NEW YORK -- In an illustrious NHL career filled with a number of historic victories and memorable moments, New York Rangers forward Martin St. Louis has played the hero countless times.
He was more than happy to do it again Sunday against the Montreal Canadiens at Madison Square Garden.
St. Louis' goal 6:02 into overtime gave the Rangers a 3-2 win in Game 4 of the Eastern Conference Final. New York leads the best-of-7 series 3-1 and is one win from advancing to the Stanley Cup Final for the first time in 20 years.
Left all alone by the right faceoff circle, the veteran wing demonstrated the patience that comes with 15 seasons worth of NHL experience. Rather than frantically one-timing the puck on net, he took his time before wiring a shot over the left shoulder of Montreal goaltender Dustin Tokarski.
As the capacity crowd at Madison Square Garden erupted, St. Louis added one more moment to a career that includes a Stanley Cup victory, an Olympic gold medal and a Hart Trophy.
"These are the times that you play as a kid in the street and you picture this. Everybody wants to be the guy. There's no bad shot on net at that stage of the game," St. Louis said. "It was pretty cool. Everything kind of happened really quick. You hear the [puck hitting the] bar sound and it's in the net and everybody rushes you. It's a great feeling."
In scoring his first playoff overtime winner since Game 6 of the 2004 Stanley Cup Final, St. Louis went to the favored shot in his considerable hockey repertoire. He's practiced that top-corner laser hundreds of times through the years. It's the same shot Tokarski stopped with an impressive glove save with 3:10 remaining in the second period and a delayed penalty about to be called on Montreal defenseman P.K. Subban.
Given plenty of time and space in overtime, St. Louis went back to that shot.
"The goal he scored tonight is exactly what you see him practicing every time he's on the ice," New York coach Alain Vigneault said. "Trying to put it right there. He made a great shot on that goal."
With one more win, the Rangers can extend a playoff run that has been equal parts triumphant and tragic for St. Louis.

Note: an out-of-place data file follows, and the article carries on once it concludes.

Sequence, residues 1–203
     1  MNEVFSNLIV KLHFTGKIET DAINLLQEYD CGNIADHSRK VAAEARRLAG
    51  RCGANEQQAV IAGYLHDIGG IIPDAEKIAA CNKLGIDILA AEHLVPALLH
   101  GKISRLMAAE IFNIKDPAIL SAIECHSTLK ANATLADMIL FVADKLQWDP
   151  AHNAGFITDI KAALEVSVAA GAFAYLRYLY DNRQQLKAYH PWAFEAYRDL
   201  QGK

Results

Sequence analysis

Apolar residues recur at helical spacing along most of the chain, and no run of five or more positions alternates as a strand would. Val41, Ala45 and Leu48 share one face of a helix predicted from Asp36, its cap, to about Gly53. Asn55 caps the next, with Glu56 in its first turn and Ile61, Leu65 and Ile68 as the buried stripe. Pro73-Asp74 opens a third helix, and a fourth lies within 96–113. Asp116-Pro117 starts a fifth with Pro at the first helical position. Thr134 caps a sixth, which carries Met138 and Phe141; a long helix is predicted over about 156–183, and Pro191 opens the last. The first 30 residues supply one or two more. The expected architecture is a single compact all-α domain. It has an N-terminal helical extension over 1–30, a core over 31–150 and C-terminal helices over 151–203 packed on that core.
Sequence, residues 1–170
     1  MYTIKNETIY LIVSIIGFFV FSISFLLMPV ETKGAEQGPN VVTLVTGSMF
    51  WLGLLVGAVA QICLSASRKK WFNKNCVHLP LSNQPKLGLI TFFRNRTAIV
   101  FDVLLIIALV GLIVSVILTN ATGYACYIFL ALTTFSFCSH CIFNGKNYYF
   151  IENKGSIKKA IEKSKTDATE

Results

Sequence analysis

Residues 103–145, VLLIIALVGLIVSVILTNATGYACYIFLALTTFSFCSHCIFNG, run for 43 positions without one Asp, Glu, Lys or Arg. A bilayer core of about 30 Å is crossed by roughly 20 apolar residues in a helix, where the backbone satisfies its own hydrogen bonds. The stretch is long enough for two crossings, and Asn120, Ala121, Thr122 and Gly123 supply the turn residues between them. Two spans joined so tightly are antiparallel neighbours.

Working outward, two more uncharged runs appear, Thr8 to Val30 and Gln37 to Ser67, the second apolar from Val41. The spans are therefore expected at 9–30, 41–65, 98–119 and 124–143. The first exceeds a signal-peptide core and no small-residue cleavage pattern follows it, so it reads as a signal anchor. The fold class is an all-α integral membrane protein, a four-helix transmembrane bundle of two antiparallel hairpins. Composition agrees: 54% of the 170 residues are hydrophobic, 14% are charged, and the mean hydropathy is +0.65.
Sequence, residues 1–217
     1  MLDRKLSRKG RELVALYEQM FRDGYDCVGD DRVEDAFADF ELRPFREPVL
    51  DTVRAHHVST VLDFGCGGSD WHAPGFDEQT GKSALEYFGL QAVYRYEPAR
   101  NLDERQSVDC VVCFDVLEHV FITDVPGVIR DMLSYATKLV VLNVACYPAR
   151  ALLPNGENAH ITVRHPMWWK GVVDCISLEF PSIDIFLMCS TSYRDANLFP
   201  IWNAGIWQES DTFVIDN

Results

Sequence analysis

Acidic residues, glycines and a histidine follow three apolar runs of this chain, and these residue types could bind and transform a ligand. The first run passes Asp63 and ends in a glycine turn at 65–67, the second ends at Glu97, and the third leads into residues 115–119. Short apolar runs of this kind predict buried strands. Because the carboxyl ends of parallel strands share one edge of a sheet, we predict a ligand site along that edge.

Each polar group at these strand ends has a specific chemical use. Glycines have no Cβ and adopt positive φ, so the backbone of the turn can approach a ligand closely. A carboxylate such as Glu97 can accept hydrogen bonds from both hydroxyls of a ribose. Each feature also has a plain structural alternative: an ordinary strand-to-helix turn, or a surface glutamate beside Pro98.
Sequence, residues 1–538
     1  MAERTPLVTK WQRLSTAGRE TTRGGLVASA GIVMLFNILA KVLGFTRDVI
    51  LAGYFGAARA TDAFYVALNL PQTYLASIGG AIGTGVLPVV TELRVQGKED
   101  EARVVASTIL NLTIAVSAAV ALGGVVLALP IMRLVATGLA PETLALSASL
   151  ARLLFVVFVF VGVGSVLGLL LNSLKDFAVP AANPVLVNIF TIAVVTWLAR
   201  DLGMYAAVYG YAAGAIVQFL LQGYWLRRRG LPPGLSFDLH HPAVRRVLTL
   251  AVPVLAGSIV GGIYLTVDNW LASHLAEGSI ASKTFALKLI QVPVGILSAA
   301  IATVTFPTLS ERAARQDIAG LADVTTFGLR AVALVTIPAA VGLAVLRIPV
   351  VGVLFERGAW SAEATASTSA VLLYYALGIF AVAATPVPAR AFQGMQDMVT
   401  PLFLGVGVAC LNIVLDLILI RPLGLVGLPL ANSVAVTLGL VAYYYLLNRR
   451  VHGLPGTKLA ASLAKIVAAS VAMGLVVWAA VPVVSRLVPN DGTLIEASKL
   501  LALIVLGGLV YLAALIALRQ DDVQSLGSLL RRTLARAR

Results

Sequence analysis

Grieving the sudden passing of his mother, France, who died of a heart attack on May 8, St. Louis helped the Rangers come back from a 3-1 second-round series deficit against the Pittsburgh Penguins. During that comeback, St. Louis brought the MSG crowd to its feet when he scored the opening goal in Game 6.
That special goal marked the beginning of what is now a six-game point streak for St. Louis. The run ties his playoff high and includes three goals and two assists against the Canadiens.
Since arriving prior to the NHL Trade Deadline from the Tampa Bay Lightning, the 38-year-old has been embraced by his teammates, who attended his mother's funeral in Montreal on May 18. When he scored in overtime Sunday, each of those teammates was thrilled to see St. Louis get one more chance to be the hero.
"Since we got him at the trade deadline, he's been a special person and a special player for our dressing room. I think that's why we got him. Every day he keeps working hard and trying to get better. I'm just happy for him," said Rangers forward Derick Brassard, who admired St. Louis as a teenager growing up in Quebec. "He's a special player. I'm learning a lot of things watching him every day. If you look at our practice, he's shooting so many pucks. I'm not really surprised he scored tonight."
Ten years removed from his only trip to the Stanley Cup Final, a seven-game win against the Calgary Flames, St. Louis is leading the charge to bring the Stanley Cup to New York for the first time in 20 years. With the game on his stick Sunday, he added one more chapter to an already historic career.
"You get this far and you've got to trust yourself. That's what I try to do," St. Louis said. "I shoot the puck there quite a bit. I'm trying to trust what I see. I was fortunate. I got it by him."